Stereotypes in school

Q. The suggestions that you offer for ways to help children just seem to be reinforcing stereotypes. I want to make sure that my child grows up able to cope with the world in many different ways.
A. We all know that we shouldn’t stereotype others, but what can you do when the stereotype is mostly true? For example, if we say that men are taller than women, we know that is not true for all people, but is it generally true for most. With height, it is obvious when someone doesn’t fit the stereotype, but what about behavior? Research with identical twins who were raised in separate families indicates that between 50-70% of who we are is based on biology. The problem is that we don’t know exactly which of our behaviors is linked to genetics and which we learned from those around us. Most boys, for example, develop verbal skills at a slower rate than most girls. One theory for that is that the left side of the brain which is highly linked to verbal skills, develops a bit slower in most males than in females. So if a boy is a bit slower learning to read than his classmates, is it because certain parts of his brain are developing a bit later than that of other children, or is it because his family assumes that boys don’t like to read and lead him to believe that he doesn’t have to try? Some boys do learn to read early and so it is tempting to think that the boys who don’t could learn to read if they just put forth the effort. The other option is to believe that boys who don’t read well early are learning disabled and will struggle for years to learn to read. Neither might be true if the reason for the boy not reading is that his brain is not developing very rapidly in the verbal area. If a teacher who is trying to teach a boy to read gives him a copy of Captain Underpants believing that the subject matter will interest the boy therefore helping him develop a positive attitude toward reading, is that wrong because the teacher is following a stereotype about boys’ reading interests?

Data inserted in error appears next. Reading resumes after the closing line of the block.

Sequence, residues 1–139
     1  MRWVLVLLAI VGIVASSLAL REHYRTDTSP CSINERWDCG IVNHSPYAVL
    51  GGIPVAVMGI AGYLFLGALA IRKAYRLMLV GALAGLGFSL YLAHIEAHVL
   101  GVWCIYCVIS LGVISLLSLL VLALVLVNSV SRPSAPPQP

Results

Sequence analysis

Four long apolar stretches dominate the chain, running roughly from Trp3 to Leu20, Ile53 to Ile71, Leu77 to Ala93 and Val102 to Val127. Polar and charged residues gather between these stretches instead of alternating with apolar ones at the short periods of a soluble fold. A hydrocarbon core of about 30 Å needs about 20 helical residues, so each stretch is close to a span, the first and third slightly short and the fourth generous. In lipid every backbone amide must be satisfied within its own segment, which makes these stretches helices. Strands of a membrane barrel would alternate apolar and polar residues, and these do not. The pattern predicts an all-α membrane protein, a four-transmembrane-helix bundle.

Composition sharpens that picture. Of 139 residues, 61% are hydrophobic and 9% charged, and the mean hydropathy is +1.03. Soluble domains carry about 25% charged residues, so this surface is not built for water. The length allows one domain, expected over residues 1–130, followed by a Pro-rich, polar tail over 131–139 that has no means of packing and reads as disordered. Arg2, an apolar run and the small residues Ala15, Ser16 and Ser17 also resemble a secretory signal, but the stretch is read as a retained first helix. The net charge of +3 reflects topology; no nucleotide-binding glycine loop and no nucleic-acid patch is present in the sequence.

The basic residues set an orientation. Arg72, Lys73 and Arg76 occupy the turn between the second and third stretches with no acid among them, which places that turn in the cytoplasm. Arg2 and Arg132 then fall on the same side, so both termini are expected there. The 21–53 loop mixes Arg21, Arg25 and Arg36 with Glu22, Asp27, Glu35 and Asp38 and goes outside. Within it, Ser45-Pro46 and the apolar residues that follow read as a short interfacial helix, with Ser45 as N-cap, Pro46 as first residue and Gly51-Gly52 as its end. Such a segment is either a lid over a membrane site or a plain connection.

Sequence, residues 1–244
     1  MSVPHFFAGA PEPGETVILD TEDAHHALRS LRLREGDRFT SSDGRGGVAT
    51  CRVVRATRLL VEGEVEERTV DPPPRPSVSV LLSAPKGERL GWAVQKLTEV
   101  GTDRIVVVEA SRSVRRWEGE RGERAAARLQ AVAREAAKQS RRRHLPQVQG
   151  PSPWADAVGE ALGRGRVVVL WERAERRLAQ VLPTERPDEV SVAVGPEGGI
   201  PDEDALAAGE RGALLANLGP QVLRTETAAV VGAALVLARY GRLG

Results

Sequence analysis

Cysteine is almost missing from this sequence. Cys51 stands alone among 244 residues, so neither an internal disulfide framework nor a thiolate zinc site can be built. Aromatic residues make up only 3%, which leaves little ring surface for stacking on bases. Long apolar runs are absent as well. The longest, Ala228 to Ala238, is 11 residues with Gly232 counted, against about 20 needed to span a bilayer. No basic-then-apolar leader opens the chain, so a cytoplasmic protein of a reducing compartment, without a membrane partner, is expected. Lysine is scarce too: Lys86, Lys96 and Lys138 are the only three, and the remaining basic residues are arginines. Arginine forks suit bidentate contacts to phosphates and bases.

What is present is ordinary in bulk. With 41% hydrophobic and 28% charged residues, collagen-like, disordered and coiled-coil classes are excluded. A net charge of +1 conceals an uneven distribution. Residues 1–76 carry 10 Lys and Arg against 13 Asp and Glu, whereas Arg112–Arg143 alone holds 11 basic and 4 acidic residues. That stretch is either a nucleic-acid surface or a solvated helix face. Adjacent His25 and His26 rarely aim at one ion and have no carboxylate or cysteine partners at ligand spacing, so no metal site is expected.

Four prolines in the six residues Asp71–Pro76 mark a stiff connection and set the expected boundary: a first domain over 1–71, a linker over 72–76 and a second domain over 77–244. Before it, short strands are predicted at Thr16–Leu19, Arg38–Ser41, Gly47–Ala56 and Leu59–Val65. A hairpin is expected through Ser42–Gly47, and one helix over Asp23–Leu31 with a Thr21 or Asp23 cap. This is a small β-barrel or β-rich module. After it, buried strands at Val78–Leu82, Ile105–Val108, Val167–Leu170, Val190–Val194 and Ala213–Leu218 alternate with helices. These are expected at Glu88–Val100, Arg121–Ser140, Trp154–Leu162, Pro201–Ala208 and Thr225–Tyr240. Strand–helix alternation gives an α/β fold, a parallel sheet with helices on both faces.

The problem with using stereotypes in teaching is if the student gets the impression that he is not allowed to have interests and ideas that do not fit the stereotype for his gender. In fact, in many single-sex schools, children are far more likely to develop cross-stereotypical interests than they do in coed schools. Research consistently shows that girls in girls’ schools are much more likely to major in science and math when they get to college when compared to similar girls who went to coed schools; boys in boys’ schools are more likely to major in liberal arts whereas boys who went to similar coed schools were more likely to major in business. The research shows that children in coed schools were much more likely to follow stereotypical educational patterns than were children in single-sex schools.
So if school uses stereotypical teaching approaches, is that a good thing? Of course not if children get the idea that certain behaviors are either forbidden to them or expected of them. However, good teachers understand that students learn in a variety of ways and that the best pedagogy provides a variety of approaches. What is important is for teachers to listen to students and to make sure that they don’t limit themselves by believing in stereotypes. We don’t want girls to think that they will have a harder time in math, just as we don’t want boys to think that they won’t be able to learn to read. Facing the stereotypes will produce better results than sweeping them away as if they didn’t exist.